Culture  /  Comparison

The Best Way to Explain the G.O.P. Is Found in the W.W.E.

Kayfabe — the knowledge that pro wrestling is fake — has a long history in American entertainment. It also explains something deep about G.O.P. politics now.

Old kayfabe was built on the solid, flat foundation of one big lie: that wrestling was real. Neokayfabe, on the other hand, rests on a slippery, ever-wobbling jumble of truths, half-truths, and outright falsehoods, all delivered with the utmost passion and commitment. After a while, the producers and the consumers of neokayfabe tend to lose the ability to distinguish between what’s real and what isn’t. Wrestlers can become their characters; fans can become deluded obsessives who get off on arguing or total cynics who gobble it all up for the thrills, truth be damned.

Does all that remind you of anything?

Neokayfabe is the essence of the Republican strategy for campaigning and governance today. That’s no surprise, given Mr. McMahon’s influence on G.O.P. politics. His product, filled with bigotry and malevolence, was a primary cultural influence on countless millennials, especially during the W.W.F.’s late-century peak (in 1999, Gallup estimated that 18 percent of Americans, roughly 50 million people, counted themselves as pro wrestling fans), and those millennials have entered the Beltway — and the voting booth. Ms. McMahon has become a major Republican fund-raiser, candidate and official. And, most important of all, there’s the Trump connection.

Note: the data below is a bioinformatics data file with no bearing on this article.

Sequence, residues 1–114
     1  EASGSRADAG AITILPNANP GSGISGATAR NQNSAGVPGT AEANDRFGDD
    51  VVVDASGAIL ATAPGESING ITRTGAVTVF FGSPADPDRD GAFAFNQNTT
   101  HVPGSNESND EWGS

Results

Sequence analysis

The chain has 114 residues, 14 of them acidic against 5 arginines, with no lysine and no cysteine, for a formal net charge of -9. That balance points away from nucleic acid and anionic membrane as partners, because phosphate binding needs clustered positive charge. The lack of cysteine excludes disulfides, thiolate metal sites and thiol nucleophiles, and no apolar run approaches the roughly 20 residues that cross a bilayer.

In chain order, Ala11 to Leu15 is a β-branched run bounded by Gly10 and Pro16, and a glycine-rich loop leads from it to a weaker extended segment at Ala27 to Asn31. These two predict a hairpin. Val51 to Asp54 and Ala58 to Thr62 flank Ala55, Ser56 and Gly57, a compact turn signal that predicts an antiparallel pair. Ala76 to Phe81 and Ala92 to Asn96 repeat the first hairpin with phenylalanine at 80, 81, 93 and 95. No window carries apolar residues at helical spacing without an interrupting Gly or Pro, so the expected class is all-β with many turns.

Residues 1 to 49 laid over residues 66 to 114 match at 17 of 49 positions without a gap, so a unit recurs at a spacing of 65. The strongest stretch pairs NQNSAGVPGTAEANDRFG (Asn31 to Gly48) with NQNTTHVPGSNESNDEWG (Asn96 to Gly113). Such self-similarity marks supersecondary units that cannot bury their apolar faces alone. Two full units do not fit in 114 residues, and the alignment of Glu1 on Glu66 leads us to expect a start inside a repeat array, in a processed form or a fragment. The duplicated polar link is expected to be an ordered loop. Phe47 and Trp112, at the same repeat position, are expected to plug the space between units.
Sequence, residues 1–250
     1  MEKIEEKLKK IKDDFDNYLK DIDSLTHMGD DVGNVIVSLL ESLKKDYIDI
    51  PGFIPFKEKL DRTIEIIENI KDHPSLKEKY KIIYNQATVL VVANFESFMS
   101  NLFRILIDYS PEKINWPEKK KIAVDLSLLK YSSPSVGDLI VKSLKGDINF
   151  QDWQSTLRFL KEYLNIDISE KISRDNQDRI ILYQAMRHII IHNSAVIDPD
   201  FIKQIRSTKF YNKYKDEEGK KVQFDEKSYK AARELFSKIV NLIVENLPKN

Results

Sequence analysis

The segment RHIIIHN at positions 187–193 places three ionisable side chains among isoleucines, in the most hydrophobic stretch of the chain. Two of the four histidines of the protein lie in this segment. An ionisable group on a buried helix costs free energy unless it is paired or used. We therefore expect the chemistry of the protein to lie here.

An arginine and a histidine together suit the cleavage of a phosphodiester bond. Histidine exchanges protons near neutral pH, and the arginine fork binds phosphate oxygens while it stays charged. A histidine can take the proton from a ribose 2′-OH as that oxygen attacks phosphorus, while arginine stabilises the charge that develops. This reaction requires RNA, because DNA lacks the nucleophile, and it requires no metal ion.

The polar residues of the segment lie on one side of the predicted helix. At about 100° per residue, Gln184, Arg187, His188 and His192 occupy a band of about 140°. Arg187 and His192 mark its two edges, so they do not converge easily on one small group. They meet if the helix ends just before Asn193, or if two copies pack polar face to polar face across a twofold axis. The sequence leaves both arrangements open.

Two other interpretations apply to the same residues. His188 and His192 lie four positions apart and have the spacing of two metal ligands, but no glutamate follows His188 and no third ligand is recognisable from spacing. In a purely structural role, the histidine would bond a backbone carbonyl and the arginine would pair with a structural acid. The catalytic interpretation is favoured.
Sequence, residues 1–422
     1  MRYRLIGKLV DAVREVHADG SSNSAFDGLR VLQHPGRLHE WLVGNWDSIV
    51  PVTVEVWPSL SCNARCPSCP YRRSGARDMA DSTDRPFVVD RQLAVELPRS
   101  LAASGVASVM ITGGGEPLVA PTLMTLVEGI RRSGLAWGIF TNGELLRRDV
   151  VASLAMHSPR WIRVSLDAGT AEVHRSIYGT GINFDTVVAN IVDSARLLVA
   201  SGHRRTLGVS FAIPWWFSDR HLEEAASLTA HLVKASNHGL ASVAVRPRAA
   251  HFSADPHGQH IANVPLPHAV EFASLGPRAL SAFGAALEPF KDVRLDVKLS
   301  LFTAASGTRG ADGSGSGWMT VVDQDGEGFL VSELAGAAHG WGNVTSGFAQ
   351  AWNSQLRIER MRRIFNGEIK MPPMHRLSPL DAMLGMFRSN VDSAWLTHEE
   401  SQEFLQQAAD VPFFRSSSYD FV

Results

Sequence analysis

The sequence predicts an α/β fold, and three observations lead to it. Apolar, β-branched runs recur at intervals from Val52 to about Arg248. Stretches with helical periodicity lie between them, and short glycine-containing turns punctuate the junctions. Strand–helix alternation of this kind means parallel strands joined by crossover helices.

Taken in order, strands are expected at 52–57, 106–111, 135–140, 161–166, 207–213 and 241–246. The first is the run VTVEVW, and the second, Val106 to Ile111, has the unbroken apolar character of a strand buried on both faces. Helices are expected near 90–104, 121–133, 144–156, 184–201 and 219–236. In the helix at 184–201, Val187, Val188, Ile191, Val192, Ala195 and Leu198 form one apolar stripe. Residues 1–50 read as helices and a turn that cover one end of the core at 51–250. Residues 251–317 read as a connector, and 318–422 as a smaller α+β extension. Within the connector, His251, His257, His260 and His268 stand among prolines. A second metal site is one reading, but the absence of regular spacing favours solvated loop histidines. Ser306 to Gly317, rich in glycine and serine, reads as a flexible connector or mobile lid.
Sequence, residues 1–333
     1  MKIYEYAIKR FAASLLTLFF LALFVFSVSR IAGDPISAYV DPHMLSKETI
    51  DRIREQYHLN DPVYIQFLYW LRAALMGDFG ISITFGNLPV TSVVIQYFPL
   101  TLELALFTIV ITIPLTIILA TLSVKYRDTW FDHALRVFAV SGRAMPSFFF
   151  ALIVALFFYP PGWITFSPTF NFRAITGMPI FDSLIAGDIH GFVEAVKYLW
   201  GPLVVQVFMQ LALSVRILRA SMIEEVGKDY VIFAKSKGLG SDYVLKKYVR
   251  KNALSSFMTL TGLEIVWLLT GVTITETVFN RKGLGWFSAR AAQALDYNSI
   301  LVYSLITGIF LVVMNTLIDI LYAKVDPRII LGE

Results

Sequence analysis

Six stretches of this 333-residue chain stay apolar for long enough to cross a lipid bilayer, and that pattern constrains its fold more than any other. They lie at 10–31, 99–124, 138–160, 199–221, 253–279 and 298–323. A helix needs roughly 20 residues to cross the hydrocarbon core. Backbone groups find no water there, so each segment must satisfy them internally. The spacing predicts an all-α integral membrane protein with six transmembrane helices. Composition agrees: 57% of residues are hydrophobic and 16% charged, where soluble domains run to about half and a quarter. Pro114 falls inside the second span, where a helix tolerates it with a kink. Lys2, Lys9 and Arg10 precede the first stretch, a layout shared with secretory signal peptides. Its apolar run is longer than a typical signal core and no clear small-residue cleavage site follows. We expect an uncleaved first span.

Mr. McMahon and Donald Trump have been close friends for nearly 40 years. Even before he met Mr. McMahon, Mr. Trump had been a lifelong fan of pro wrestling — as well as a chronic dissembler — but it was Mr. McMahon who ushered Mr. Trump into the world of neokayfabe. Mr. Trump acted as the “host” of two installments of “WrestleMania.” Most spectacularly, Mr. Trump performed as himself in a story line where he and Mr. McMahon pretended to be bitter enemies, sending proxy wrestlers to engage in trial by combat at 2007’s “WrestleMania 23.” Mr. Trump is the first — though possibly not the last — member of the W.W.E. Hall of Fame to occupy the Oval Office.

Before he met Mr. McMahon, Mr. Trump had probably never worked a rowdy arena into a bitter, liberated frenzy by feeding it a mix of verboten truths and outrageous lies. But that skill, so essential in wrestling, would become Mr. Trump’s world-changing trademark.